Last week, the Irish Times published an opinion piece that was generally quite positive about atheism, but also perpetuated a stereotype.

Ireland is seeing the emergence of a newer kind of atheist, who is anxious to dispel the myth that they are all one-dimensional, rabidly anti-religious Dawkinsians.

It then goes on to praise charitable efforts by atheists, the emergence of the Atheism Plus movement, and the ongoing discussions about ethics within the atheist community (like I said, it’s mostly a nice article saying good things about atheists). However, it’s as if the author is surprised that we aren’t all out hanging priests from lampposts and blowing up churches.

But that’s wrong. The New Atheist movement has always been about applying reason and evidence-based thinking to everything, without exception. Atheism+ was established by aggressive, out atheists who do not compromise on the foolishness of faith, and take the very same take-no-prisoners approach on social justice issues.

In 2010, atheists met and formulated the Copenhagen Declaration (see also the Irish amendment). These are entirely ‘Dawkinsian’ in spirit!

It is actually no surprise at all that atheism is taking this direction. The only people who have been surprised are that obnoxious subset of atheists who thought nobody would ever expect them to defend their viciously anti-equality views rationally and with evidence — they’ve gotten a bit of a shock when they’ve found themselves marginalized and regarded with contempt. But they are well out of the mainstream of the New Atheist movement, and are reduced to angrily lashing out on the internet against the decent human beings who make up the bulk of our godless horde.

Michael Nugent has written an excellent article rebutting some of the misconceptions in the original opinion piece, which has also been published in the Irish Times.

“New Atheism” as promoted by Richard Dawkins has always combined promotion of critical thinking and science, strong rejection of religious beliefs that are unsupported by evidence, active campaigns against the harm caused by religion around the world, and philanthropic and charitable projects such as Nonbelievers Giving Aid and Foundation Beyond Belief.

Atheist Ireland is part of this evolving project, not a deviation from it. We promote atheism and reason over supernaturalism and superstition, and we promote an ethical and secular Ireland where the State does not support or fund or give special treatment to any religion.

We reject religious beliefs that are silly in their claims about reality, such as intervening personal gods who answer prayers and impregnate virgins to give birth to themselves; and religious beliefs that are harmful in their corruption of human morality, from Catholic sexism and homophobia to Islamic floggings and executions for blasphemy.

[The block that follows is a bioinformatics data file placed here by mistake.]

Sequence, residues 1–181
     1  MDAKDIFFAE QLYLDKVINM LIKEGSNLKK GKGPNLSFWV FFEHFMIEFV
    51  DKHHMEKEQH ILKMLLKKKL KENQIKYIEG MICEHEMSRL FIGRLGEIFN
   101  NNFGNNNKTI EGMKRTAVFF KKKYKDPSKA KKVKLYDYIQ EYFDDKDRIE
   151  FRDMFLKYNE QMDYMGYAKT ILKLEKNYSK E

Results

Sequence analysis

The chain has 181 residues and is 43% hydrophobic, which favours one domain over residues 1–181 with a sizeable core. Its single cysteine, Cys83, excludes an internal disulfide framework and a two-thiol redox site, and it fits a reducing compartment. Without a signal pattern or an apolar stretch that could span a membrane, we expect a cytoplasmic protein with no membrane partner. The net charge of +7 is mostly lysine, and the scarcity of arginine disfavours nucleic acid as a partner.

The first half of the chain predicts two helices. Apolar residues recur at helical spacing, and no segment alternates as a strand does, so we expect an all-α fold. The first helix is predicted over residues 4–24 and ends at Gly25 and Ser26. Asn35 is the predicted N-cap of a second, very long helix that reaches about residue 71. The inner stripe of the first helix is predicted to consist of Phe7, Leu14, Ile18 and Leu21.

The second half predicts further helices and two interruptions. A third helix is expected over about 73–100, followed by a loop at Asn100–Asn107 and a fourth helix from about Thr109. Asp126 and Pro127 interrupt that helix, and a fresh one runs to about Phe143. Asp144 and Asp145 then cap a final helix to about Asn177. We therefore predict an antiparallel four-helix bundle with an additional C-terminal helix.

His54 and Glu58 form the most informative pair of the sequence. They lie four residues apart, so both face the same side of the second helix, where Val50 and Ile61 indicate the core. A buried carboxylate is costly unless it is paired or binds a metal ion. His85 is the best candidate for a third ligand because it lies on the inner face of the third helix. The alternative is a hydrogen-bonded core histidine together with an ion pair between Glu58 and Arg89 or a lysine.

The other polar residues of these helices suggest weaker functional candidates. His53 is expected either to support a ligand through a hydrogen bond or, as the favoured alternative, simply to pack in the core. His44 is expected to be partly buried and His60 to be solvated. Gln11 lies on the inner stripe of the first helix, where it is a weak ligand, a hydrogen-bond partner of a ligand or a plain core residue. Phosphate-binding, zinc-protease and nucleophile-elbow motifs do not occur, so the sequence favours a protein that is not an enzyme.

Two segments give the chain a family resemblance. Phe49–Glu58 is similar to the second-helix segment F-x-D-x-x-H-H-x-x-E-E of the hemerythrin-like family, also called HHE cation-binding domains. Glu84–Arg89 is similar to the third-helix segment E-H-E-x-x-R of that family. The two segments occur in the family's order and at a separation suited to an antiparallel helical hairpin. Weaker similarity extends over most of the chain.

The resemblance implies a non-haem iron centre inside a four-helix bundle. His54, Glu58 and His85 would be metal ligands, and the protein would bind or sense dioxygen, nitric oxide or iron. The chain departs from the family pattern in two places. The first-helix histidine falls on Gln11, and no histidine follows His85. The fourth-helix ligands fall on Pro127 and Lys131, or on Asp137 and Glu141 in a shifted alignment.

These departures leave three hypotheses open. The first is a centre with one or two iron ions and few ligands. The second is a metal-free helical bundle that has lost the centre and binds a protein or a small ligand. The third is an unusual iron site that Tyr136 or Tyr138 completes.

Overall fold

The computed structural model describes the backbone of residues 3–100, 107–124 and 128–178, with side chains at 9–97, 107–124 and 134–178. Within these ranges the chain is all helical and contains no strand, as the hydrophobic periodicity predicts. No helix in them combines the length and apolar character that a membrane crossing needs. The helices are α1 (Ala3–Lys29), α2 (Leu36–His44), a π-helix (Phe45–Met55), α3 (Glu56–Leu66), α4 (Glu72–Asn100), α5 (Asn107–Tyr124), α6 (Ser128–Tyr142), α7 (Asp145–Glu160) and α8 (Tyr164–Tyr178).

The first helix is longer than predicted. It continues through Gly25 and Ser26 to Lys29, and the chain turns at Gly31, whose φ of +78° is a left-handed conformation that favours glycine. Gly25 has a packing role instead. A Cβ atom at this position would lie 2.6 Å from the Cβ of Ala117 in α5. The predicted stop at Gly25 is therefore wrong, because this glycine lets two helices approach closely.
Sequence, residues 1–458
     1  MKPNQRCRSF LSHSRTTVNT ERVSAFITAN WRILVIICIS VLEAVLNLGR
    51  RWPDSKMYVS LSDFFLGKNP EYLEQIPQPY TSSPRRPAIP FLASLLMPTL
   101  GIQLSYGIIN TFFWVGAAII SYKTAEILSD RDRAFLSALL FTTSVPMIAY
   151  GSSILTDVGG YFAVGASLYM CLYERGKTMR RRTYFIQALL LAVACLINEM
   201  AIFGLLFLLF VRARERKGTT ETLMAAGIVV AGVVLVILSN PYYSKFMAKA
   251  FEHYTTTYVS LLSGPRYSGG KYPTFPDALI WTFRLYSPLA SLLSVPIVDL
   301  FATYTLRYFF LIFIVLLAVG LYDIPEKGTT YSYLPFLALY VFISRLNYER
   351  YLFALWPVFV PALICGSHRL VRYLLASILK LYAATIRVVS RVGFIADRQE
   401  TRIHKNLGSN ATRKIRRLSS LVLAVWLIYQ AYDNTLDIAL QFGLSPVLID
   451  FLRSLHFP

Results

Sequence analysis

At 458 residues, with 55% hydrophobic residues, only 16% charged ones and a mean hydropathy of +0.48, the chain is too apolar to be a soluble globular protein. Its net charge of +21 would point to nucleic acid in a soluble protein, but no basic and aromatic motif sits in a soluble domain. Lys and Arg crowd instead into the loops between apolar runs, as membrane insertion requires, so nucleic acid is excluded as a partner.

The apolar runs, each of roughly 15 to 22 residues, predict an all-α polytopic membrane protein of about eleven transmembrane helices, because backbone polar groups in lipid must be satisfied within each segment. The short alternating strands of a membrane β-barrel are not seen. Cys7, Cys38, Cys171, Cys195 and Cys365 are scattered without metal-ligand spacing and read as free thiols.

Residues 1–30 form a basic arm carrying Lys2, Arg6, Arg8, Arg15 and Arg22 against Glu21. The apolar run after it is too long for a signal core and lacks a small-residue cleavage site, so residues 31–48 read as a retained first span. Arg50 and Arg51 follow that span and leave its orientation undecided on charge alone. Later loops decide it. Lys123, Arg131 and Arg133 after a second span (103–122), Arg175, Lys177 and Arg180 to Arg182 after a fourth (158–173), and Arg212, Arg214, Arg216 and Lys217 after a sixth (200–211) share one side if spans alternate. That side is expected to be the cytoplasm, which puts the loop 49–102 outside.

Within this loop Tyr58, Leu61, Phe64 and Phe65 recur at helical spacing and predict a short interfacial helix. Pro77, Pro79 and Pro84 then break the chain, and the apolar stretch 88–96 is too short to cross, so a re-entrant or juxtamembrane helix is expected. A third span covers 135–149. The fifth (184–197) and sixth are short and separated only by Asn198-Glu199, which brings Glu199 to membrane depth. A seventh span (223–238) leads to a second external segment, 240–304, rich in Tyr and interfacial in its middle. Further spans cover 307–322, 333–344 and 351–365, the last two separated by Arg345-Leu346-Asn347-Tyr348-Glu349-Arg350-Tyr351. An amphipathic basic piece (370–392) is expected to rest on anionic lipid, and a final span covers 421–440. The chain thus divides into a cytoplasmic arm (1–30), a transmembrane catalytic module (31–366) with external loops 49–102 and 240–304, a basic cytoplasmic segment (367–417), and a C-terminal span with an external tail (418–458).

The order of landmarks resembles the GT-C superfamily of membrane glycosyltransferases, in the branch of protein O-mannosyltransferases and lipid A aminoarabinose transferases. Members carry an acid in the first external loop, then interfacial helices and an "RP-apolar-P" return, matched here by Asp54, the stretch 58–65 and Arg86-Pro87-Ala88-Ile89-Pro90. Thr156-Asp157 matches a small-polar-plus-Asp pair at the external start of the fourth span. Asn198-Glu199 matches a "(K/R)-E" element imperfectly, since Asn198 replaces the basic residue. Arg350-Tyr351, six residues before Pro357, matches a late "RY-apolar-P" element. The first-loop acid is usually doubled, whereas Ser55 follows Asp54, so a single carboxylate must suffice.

We believe that society should address ethical issues based on human rights and compassion, and applying reason to empirical evidence, and not on religious doctrines; and that individual ethical decisions should where possible be made on the basis of personal autonomy and individual conscience, while not infringing on the rights of others.

This is not to deny that there are jerks among atheists — but the principles of the New Atheism have always been clear, and the imperfections of humanity should not be regarded as a slight against the ideals to which we aspire.

Godless Patriots

You need more t-shirts. You need some with a positive patriotic message so you can dumbfound all the yokels who think atheists hate America. Here’s the place you can find them: Godless Patriots.

They’re just starting up, and they’re looking for business and assistance — they also have a kickstarter page where they’re trying to raise money to expand their inventory.

They’re nice designs, and this isn’t mindless patriotism. They’ve got shirts for Americans and for the British.

Take a look and pick one up.

Happy Halloween!

People are always sending me pictures of their terrifying tentacled creatures, so I thought it only proper today to exhibit one that will send chills down your spine. Behold! A nightmare from Tupelo, Mississippi!

Note the cool regard of all she sees, the superior attitude, the tentacles, the stylish purple outfit with googly eyes on her head — she’s clearly an atheist. You will bow down before her.